Merck, investors reach settlement
TRENTON, N.J. – Merck & Co. has agreed to pay $688 million to settle two long-running lawsuits brought by investors who alleged the drugmaker delayed releasing bad news on its blockbuster cholesterol drugs to prevent a drop in sales.
Merck, the world’s third biggest drugmaker by revenue, said Thursday that it agreed to the settlement because it’s in the best interest of the company and current shareholders. It is taking a charge of nearly a half-billion dollars against 2012 earnings.
The delay in releasing results of a study that was meant to bolster sales of pricey cholesterol pills Zetia and Vytorin triggered criticism by analysts, investors, some scientists and the media – and ultimately an investigation by Congress.
The maker of Januvia Type 2 diabetes pills and the Gardasil vaccine against sexually transmitted cancers admitted no wrongdoing. The deal must be approved by a federal judge.
Probe of Penguin merger ends
WASHINGTON – The Justice Department has closed an investigation of a proposed merger between Penguin and Random House and will take no action to stop the deal that would create the world’s largest publisher of consumer books.
Media company Pearson seeks to merge its Penguin Books division with Random House, which is owned by German media company Bertelsmann. The proposed publishing house would have about a quarter of the consumer book market.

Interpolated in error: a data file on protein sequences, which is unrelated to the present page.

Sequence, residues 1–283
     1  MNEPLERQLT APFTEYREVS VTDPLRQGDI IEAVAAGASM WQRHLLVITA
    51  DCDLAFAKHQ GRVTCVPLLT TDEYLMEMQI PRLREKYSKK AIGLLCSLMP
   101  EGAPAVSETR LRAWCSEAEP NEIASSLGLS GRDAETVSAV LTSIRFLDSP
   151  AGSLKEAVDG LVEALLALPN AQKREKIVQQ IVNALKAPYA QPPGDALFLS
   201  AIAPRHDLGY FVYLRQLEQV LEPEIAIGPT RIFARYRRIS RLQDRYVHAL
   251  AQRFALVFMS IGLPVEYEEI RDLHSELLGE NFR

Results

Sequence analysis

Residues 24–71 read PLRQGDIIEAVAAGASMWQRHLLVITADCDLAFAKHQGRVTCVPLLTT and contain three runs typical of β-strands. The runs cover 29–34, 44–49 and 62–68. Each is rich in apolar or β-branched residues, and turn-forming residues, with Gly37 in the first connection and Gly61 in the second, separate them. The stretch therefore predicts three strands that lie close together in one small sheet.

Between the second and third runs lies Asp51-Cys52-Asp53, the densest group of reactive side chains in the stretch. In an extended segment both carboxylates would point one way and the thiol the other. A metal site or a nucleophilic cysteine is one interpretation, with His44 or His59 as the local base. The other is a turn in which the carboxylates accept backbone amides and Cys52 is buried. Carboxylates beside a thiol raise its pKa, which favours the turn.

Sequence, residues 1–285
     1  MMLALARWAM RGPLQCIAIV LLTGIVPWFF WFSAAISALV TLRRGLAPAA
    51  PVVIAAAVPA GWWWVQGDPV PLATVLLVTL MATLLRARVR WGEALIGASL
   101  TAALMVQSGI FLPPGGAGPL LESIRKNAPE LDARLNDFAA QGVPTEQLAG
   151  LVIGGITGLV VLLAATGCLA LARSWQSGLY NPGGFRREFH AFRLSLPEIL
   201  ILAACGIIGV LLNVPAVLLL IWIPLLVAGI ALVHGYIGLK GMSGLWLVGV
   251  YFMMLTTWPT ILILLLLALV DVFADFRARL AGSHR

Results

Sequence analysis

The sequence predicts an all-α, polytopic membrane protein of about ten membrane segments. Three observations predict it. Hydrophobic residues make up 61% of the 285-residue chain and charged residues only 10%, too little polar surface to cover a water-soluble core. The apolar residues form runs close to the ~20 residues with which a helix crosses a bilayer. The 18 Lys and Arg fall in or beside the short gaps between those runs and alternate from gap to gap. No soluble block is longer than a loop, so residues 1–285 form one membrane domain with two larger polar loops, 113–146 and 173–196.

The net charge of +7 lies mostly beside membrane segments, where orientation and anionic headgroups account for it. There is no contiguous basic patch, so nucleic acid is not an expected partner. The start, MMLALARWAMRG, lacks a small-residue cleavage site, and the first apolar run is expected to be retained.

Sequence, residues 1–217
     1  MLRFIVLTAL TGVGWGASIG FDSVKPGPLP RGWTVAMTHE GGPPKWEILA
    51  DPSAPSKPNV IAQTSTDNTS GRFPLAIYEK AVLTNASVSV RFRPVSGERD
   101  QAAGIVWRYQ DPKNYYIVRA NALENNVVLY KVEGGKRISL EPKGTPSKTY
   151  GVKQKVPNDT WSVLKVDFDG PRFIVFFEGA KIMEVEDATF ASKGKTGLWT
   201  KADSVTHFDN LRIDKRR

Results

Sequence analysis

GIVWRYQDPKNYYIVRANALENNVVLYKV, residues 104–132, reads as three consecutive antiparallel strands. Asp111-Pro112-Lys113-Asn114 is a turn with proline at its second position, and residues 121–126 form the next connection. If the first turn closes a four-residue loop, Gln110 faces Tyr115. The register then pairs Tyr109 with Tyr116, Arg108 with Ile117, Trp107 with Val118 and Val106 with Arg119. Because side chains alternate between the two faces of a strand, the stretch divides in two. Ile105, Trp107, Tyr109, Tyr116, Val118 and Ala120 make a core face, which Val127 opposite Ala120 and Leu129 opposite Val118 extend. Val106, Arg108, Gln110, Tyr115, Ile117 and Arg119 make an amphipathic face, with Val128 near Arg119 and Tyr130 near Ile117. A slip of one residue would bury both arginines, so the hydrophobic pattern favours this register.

Penguin and Random are two of the so-called “big six” publishers in the United States. Their merger will bring together such Random House authors as E L James and John Grisham and such Penguin writers as Patricia Cornwell and Elizabeth Gilbert.
The merger is widely seen as an effort to counteract the power of Amazon.com, which has worried publishers by aggressively cutting prices on e-books. Deals struck with Apple in 2010 that gave publishers more control over e-book costs led to a Justice Department antitrust lawsuit in the spring of 2012. Penguin, one of the five publishers sued, has settled since the merger was announced last fall.
Word of the U.S. government’s decision on the merger came from the companies, and Justice Department spokeswoman Gina Talamona confirmed it on Thursday.
Bertelsmann will own 53 percent and Pearson 47 percent of shares in the proposed publishing house, which will encompass all of Random House and Penguin Group’s publishing units in the U.S. and six other countries.
Trump’s casino sells for $20 million
ATLANTIC CITY, N.J. – Trump Plaza, the Boardwalk centerpiece of Donald Trump’s onetime Atlantic City empire, was sold Thursday to a California company for $20 million in the cheapest of a series of bargain-basement deals for distressed gambling halls in the struggling New Jersey seaside resort.
The Meruelo Group of Downey, Calif., plans to close the deal by May 31. It is the lowest price ever paid for a casino in Atlantic City.
The company has not decided on a new name for the casino-resort, but said it will not continue to use the Trump name.